I enjoy having a number of plants in pots on my patio each summer. Some are old friends that spend the winter in my basement. Several are newer plants, which I enjoy trying out each year; and others are smaller plants, being nurtured for a future spot in my garden.

My oldest friend might be my canna lily which provides colorful foliage. I’ve seen this in gardens growing six feet tall, but in a pot it doesn’t bloom. A friend recently gave me a couple of canna tubers for a shorter variety, which will bloom soon. At the end of the season I put the canna pots in the garage for a month to dry out, then off they go into the basement. In spring, I select a couple of heathy pieces for a new pot, and toss or give away the rest.

Oxalis is another old friend with an expanding family. Iron Cross and the purple triangularis are my standbys; both produce ample pink flowers which nicely complement their leaves.

I found two additional plants at a garden center this spring, which I hope will also be with me next year. These plants grow from bulbs which can go dormant in the winter, staying right in the dried-out pot. They need only occasional water.

Each year I try out a couple of new annuals in pots. This year includes snap dragons and verbena. Both are attractive, but require frequent dead-heading to produce blooms. It has been a challenge to keep the pots watered in the heat. The snap dragons produce new flowers more quickly. Wood chip mulch on pots will reduce evaporation.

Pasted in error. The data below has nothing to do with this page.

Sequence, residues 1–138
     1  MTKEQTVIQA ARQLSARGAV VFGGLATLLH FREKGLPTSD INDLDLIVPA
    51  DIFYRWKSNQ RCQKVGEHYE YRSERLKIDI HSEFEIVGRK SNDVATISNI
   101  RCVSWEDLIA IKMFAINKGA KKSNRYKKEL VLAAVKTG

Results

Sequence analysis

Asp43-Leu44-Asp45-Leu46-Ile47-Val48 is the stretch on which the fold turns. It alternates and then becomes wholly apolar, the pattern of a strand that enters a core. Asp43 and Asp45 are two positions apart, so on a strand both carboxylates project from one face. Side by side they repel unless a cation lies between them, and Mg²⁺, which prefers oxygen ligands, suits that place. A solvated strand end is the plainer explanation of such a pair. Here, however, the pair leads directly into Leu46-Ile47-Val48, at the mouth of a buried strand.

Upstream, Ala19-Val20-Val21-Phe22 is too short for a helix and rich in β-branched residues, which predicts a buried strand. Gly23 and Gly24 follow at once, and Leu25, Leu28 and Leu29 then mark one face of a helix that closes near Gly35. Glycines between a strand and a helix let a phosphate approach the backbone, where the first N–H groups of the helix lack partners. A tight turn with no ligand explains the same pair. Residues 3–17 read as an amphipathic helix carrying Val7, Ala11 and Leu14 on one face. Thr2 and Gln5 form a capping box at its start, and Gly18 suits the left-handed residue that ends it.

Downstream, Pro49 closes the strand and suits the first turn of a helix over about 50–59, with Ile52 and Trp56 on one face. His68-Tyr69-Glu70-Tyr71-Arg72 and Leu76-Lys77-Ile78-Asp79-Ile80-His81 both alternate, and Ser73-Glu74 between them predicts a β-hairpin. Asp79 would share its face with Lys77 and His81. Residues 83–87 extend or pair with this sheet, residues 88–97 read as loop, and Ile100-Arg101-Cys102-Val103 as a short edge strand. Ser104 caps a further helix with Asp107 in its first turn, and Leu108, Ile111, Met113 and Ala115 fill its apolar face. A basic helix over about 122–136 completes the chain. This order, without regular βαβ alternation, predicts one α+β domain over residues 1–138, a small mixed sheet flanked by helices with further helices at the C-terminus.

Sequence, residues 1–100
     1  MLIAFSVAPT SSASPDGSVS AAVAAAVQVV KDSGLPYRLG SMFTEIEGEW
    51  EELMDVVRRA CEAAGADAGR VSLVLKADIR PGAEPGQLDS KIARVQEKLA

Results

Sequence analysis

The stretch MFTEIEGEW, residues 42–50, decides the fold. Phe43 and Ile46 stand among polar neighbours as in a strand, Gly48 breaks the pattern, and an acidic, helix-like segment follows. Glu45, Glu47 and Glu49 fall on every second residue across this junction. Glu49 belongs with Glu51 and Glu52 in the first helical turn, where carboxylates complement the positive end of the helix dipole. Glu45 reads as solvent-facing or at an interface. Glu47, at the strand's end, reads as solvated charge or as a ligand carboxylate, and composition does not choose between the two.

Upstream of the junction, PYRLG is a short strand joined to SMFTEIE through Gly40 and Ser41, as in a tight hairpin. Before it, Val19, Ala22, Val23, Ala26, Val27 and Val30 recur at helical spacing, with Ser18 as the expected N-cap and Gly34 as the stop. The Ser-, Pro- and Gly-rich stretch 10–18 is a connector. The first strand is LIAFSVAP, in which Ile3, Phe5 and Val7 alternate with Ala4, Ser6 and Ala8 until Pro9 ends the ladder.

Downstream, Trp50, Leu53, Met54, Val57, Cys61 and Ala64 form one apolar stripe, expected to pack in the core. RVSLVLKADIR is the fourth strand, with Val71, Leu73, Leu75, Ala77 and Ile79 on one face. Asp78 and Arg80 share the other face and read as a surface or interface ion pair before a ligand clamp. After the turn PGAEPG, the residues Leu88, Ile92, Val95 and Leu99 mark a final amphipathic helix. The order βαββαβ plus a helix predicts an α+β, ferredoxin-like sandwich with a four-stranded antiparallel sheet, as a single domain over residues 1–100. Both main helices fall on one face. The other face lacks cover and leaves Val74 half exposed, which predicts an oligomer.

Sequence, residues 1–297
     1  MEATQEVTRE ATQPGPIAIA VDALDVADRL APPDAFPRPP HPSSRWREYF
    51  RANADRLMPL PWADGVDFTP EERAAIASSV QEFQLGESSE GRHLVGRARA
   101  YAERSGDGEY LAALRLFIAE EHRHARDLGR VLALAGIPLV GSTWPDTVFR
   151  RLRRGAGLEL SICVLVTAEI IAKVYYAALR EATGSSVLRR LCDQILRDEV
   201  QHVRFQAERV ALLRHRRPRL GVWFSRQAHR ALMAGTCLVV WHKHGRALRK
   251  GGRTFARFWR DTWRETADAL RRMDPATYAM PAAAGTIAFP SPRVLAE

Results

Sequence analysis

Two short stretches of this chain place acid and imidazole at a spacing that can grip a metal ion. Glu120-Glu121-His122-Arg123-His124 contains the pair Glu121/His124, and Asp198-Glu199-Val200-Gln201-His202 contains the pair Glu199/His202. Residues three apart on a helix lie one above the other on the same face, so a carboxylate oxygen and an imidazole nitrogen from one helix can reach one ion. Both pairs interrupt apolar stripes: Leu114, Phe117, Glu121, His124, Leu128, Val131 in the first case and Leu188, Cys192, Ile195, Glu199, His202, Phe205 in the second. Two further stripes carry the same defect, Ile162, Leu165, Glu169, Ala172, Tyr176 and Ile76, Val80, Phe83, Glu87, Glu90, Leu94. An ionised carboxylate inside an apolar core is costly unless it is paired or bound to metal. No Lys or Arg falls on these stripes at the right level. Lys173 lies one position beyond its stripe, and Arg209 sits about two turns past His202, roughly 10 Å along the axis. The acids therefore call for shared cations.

Mint and basil are also patio staples, with parsley growing in a nearby planter bed.

I start new basil plants in July from seed, since the spring plants don’t last through the summer. In late fall, I put my mint plant on top of the ground in the garden, and bury it with chopped leaves. In spring, I toss half, repot the rest, and have fresh mint for tea by June.

My pots include a few small shrubs each year, either purchased by mail or from cuttings. This year these include a Tuff Stuff macrophyla hydrangea, a red arborescens hydrangea, a white forsythia, and mock orange. By fall these have a respectable size root ball which will get planted as soon as the weather begins to cool a bit. This will allow plenty of time for them to get established before the ground freezes.

I continue to play with containers of hardy succulents which I plant in the ground in the fall.

I have over-wintered some of these in containers, but I’ve found that most are healthier if they spend the winter in the ground. Sedum Siboldi and Chinese Duncecap are two of my current favorites. These hardy succulents are much more durable than the popular tender succulents, and are far less vulnerable to decline from over-watering.

Julie Brocklehurst-Woods has been a Master Gardener Volunteer with Cornell Cooperative Extension of Livingston County since 2002. She enjoys helping all gardeners become successful gardeners, especially helping people identify tools and strategies to prioritize and simplify their gardening tasks. She will answer gardening questions by email: JulieBW48@gmail.com.

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